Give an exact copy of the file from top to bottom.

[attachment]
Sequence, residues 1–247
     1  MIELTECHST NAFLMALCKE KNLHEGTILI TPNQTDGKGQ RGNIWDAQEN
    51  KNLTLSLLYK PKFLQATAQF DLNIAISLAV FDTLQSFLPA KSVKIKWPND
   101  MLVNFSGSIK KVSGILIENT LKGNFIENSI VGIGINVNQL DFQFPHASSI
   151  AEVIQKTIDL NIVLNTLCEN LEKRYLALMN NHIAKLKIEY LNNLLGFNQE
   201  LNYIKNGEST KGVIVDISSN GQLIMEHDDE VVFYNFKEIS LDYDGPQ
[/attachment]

Sequence, residues 1–247
     1  MIELTECHST NAFLMALCKE KNLHEGTILI TPNQTDGKGQ RGNIWDAQEN
    51  KNLTLSLLYK PKFLQATAQF DLNIAISLAV FDTLQSFLPA KSVKIKWPND
   101  MLVNFSGSIK KVSGILIENT LKGNFIENSI VGIGINVNQL DFQFPHASSI
   151  AEVIQKTIDL NIVLNTLCEN LEKRYLALMN NHIAKLKIEY LNNLLGFNQE
   201  LNYIKNGEST KGVIVDISSN GQLIMEHDDE VVFYNFKEIS LDYDGPQ